Employment Problem

According to the government there are about 120 million people working and about 100 million who are able to work but not working.

In a separate report we learn that 20% of families have no working members!

It’s clear that a large chunk of our jobs have been exported to such places as China.  The reason is less clear.  American workers have a history of being more productive than the rest of the road and this offsets at least some of the lower labor cost found off-shore.  We have a relatively high tax rate (on corporations) and this may impact off-shoring of production.

Now Google is projecting that we will lose another 30% of jobs to robots over several years.  Remember technology moves faster than people think.

Very quickly we will see more people unemployed than employed and this spells disaster for Social Security.

It also is likely to lead to more social decay, more drug usage and more violence.

We’re going to have to find alternative ways of supporting the non-working population and perhaps even more important we need to come up with fulfilling activity for that non-working population.

Are we facing a Welfare State?  Is governmental redistribution of wealth the only solution?  Can capitalism survive?

As the workforce declines we will naturally see an even greater concentration of wealth.  Fewer and fewer will control more and more of the wealth.  This will naturally create more envy and foment rebellion and demands for sharing that wealth.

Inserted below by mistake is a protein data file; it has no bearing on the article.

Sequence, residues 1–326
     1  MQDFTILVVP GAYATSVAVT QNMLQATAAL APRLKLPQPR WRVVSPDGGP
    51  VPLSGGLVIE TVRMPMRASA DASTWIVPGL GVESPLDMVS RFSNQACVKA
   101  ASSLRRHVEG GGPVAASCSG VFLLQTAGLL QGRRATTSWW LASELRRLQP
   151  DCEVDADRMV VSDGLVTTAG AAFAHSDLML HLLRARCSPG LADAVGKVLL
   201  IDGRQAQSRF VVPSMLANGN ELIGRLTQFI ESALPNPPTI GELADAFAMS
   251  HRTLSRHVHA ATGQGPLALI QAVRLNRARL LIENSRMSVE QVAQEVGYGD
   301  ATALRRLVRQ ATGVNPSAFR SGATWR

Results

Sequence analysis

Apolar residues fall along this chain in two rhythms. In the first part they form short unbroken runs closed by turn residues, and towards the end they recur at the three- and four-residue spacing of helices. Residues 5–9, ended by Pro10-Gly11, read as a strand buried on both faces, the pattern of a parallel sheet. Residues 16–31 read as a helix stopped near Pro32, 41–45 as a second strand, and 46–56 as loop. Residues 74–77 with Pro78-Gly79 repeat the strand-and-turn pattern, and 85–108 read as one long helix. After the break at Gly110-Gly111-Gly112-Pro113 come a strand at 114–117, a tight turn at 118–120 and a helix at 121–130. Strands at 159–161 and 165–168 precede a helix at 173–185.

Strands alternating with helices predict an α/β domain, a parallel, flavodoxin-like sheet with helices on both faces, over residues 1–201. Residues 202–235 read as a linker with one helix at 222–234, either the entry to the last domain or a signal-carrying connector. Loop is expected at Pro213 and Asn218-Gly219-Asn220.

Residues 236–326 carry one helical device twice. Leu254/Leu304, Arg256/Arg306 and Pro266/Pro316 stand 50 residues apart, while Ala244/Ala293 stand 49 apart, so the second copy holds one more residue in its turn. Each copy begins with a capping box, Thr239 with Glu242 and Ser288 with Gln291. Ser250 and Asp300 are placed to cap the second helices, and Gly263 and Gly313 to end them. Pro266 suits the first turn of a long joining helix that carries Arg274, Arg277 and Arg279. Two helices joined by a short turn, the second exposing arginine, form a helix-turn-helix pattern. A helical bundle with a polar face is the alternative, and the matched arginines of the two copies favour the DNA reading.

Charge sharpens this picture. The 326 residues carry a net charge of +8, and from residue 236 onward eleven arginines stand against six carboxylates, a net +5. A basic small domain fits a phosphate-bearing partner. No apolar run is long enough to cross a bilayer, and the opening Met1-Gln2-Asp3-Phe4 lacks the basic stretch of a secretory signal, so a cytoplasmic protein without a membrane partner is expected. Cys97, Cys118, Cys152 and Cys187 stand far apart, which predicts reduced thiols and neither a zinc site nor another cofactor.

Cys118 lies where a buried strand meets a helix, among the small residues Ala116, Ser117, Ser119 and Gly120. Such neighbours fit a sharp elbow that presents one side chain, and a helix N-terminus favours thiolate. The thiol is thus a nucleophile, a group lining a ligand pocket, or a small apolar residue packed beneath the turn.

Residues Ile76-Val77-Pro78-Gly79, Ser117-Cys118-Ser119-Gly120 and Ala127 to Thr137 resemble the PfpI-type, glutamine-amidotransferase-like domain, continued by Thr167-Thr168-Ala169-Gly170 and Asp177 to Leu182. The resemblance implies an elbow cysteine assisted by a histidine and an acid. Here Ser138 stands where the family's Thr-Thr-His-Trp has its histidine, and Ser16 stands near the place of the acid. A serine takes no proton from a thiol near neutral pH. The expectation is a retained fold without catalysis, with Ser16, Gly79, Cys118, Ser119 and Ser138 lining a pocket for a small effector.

With fewer and fewer jobs being created the pressure will simply increase.

We can delay this problem by eliminating the corporate tax.  But this is only part of the problem.  As wages are forced up (higher minimum wage) the adoption of robotics will speed up.  Ultimately, we will face the same problem of a massive proportion of our population having no productive work.

We can slow this decline and maybe even stop it by encouraging business.  Reduce or eliminate the income tax on business, reduce regulations that inhibit business development and stymie free market competition.

By encouraging free market competition and business development we will see job development and job creation.

 

 

 

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